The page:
Estate planning is essential for everyone and even more vital for those who have acquired significant wealth or assets. If you are a Texas resident with a vacation or second home, you may be wondering how you should pass it down to your loved ones someday.
According to the National Law Review, you should carefully account for your vacation home during estate planning.
Consider your desired conveyance
Whether you have a lake home, pied-a-terre in the city, ski condo in the mountains or beach house on the coast, you and your loved ones cherish the time spent at your special retreat. It is undoubtedly the source of many wonderful memories and may even have been in your family for several generations. Or, sometimes a vacation home is merely just a wise financial investment. Either way, it is imperative that you give significant thought to how to include this property in your estate planning.
When it is a cherished family home, there are additional emotional attachments involved. Perhaps you have several children and everyone in your family is equally devoted to the property. Or you may have a situation where one child has not stepped foot in the home for decades, whereas another uses it on a regular basis. In that instance, you may wish to leave the property to the latter while giving an asset of equal value to the former. For the sake of familial harmony, it is crucial to spend a significant period of time considering what you wish to do. To avoid hurt feelings and disagreements once you are gone, it is good to have these discussions with family members about your decision. Sometimes, heirs would rather have the financial proceeds.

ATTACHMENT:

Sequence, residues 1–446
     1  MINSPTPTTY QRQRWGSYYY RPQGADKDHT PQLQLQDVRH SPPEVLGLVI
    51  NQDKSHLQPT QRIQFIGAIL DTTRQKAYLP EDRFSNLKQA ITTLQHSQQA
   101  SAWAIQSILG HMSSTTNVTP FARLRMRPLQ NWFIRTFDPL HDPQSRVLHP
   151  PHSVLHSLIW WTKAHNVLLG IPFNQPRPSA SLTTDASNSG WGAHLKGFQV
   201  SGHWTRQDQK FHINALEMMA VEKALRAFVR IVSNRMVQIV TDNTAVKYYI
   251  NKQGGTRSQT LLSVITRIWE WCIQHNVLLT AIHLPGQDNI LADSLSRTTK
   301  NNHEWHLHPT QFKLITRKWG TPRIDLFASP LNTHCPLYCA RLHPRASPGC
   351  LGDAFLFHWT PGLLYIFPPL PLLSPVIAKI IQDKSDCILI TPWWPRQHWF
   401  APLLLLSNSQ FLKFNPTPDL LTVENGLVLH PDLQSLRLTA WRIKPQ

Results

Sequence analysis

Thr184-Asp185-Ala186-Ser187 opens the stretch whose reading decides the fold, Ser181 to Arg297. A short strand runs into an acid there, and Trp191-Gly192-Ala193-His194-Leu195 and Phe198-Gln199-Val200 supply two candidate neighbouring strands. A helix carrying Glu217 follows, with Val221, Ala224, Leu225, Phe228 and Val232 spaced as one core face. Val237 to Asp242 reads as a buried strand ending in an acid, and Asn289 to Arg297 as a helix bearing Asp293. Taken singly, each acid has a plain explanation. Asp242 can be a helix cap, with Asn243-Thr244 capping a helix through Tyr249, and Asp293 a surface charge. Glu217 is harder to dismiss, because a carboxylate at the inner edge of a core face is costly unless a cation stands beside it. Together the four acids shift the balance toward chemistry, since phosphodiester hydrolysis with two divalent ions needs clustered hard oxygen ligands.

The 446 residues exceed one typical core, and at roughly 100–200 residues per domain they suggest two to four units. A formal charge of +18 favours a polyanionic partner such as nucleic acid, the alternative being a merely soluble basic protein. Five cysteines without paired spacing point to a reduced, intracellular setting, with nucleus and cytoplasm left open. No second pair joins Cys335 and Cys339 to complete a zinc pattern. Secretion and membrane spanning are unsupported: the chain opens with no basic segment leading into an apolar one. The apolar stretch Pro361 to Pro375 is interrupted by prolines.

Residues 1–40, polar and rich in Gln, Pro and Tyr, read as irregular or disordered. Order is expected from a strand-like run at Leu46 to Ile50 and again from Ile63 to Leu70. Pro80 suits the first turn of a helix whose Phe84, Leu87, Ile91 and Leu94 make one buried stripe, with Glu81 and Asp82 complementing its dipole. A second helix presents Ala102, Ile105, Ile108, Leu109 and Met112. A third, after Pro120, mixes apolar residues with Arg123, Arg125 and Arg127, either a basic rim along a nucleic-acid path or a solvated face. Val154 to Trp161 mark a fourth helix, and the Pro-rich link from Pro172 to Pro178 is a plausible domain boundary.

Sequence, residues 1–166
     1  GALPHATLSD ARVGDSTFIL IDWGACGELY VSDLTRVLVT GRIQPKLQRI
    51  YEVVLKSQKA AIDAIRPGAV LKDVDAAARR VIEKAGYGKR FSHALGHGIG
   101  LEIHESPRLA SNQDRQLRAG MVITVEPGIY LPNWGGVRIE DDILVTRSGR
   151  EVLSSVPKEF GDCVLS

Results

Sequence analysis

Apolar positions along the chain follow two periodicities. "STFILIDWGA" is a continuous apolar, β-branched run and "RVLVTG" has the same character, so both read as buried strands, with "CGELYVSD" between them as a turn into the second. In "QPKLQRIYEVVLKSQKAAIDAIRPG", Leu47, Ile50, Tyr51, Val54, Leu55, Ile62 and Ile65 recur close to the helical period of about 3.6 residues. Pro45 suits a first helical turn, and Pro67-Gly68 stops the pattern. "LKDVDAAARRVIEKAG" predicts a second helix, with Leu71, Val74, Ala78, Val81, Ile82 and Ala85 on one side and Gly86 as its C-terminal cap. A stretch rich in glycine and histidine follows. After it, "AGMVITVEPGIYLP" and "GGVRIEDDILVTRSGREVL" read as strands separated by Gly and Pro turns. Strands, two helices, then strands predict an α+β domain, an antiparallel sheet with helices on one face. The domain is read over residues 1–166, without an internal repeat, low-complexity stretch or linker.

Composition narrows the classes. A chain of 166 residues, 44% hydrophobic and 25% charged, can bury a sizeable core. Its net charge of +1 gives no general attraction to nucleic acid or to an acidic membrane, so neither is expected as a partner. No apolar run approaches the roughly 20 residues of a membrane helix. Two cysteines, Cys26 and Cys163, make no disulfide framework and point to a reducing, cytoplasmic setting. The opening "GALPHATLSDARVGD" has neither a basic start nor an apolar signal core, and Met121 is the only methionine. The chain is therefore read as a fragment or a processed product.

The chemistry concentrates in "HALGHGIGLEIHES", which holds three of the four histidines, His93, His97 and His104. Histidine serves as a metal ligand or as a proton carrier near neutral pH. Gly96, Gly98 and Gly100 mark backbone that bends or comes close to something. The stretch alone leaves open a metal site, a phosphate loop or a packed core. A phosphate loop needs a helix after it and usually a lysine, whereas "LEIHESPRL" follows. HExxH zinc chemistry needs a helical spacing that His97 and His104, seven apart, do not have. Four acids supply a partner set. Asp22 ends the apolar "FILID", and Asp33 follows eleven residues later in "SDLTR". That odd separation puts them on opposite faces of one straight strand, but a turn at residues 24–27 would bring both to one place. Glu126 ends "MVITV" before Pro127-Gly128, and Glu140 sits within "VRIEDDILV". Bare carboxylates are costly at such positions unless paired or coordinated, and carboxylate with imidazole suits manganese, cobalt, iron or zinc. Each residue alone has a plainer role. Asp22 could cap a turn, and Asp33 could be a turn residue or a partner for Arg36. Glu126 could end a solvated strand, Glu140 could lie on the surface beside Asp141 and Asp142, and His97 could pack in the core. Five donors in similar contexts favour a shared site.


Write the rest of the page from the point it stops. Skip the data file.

Consider your best options
If multiple loved ones wish to keep and share the home, there should be a written agreement that covers matters including:
- Usage of property
- Payment of taxes and maintenance
- Buyout options for future
Carefully considering many different scenarios is the best way for your family to enjoy this property long into the future.
There are legal mechanisms available when your estate planning includes a vacation home. Putting the home into a trust offers various options for your individual situation and allows you to customize the process. You may even wish to set up funding for property related expenses for a set period of time. Another route that protects this asset is to hold the property in a Limited Liability Company, or LLC. Additionally, if your vacation home is outside of Texas, you should know that different states have different laws.